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 Post subject: ipconfig /flushdns
 Post Posted: Mon Mar 17, 2008 1:27 am 
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Joined: Thu Mar 08, 2007 11:32 pm
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Hi Scott,

What does ipconfig/flushdns do? My ISP member told me it increases the speed for surfing. Is it true?

-- Kit


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 Post Posted: Mon Mar 17, 2008 9:32 am 
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That command flushes the DNS resolver cache. The Windows DNS resolver checks the cache before querying a DNS server, which speeds up queries and decreases network traffic.

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My ISP member told me it increases the speed for surfing. Is it true?

No, in fact it will do the opposite until the DNS resolver cache is reloaded.

Note that the DNS resolver automatically discards records from the cache after the amount of time specified in the Time to Live (TTL) associated with the record, so manually flushing the cache is not normally necessary or recommended. If you do flush the cache, the system must query DNS servers again for any DNS resource records previously held in the resolver cache. Scott.


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 Post Posted: Mon Mar 17, 2008 10:48 am 
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Scott wrote:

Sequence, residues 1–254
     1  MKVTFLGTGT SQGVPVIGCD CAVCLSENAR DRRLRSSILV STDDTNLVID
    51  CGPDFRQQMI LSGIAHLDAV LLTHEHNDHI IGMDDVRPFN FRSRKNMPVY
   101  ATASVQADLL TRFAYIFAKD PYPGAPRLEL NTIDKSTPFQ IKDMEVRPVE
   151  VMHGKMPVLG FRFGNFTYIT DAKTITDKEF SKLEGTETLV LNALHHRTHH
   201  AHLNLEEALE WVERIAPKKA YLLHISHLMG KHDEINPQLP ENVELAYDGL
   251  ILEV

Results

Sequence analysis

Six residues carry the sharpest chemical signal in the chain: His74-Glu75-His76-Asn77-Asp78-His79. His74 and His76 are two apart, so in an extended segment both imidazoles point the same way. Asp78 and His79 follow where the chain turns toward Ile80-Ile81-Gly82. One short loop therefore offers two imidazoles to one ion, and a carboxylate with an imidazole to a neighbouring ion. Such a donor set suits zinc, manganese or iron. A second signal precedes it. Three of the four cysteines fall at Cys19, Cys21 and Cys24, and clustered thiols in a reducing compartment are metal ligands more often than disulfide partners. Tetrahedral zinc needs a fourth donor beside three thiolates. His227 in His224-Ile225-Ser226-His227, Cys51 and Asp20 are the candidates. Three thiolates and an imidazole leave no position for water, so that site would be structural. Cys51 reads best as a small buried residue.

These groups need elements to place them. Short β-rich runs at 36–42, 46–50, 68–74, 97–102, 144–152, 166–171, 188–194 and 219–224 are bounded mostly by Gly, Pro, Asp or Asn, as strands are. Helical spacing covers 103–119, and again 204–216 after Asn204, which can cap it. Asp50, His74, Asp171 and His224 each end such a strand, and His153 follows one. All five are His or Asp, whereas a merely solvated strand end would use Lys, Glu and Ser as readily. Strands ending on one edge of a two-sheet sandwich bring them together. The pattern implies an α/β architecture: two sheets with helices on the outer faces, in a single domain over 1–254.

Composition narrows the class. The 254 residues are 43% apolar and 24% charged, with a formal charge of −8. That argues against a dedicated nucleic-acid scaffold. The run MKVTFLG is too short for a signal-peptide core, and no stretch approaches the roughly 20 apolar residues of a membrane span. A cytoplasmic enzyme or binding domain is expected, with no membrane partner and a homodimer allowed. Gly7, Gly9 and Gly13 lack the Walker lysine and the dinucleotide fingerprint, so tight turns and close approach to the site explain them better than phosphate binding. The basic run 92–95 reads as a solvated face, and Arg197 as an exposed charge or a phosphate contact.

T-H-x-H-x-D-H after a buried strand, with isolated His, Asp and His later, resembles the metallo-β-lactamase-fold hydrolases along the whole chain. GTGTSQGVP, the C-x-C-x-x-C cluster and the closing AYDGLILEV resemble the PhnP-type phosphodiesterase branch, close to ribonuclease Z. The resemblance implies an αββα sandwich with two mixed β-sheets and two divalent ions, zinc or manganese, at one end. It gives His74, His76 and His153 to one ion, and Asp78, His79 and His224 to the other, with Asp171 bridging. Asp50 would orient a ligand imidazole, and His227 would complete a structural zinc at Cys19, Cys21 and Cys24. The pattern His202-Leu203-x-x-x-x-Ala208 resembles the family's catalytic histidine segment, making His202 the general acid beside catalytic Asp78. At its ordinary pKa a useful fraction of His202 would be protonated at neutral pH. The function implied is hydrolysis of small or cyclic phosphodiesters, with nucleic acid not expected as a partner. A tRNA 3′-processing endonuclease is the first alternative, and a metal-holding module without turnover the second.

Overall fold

No, in fact it will do the opposite until the DNS resolver cache is reloaded.


So, it will decrease the speed instead?

My EDGE modem maximum speed is 460.8kps, but it is not running even at a 1/4 speed. What might be the problem?


Thanks,

-- Kit


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 Post Posted: Mon Mar 17, 2008 12:12 pm 
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What speeds are others experiencing using the same equipment in your area?

The actual bandwidth you get from a wireless modem depends on several factors, most of which are out of your control given a specific modem or service. Maybe a different modem and/or service would offer better performance? Here are reviews of several alternatives:

Say Good-Bye to Wi-Fi
http://www.pcmag.com/article2/0,2817,2251606,00.asp

High-Speed Wireless
http://www.pcmag.com/article2/0,2817,2162525,00.asp

Scott.


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 Post Posted: Mon Mar 17, 2008 1:01 pm 
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Thanks Scott,

Am not aware of anybody using the same service in my area.

May be it's high time, I considered the second alternative <g> .

What is HSDPA? Does it require a modem also?

-- Kit


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 Post Posted: Mon Mar 17, 2008 1:24 pm 
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HSPA (High Speed Downlink Packet Access) is part of the HPSA GSM 3G network: http://hspa.gsmworld.com

To use it, you need a mobile device that is HSPA-enabled: http://hspa.gsmworld.com/devices

Scott.


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 Post Posted: Tue Mar 18, 2008 12:38 am 
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Hi Scott,

Thanks for the information.

-- Kit


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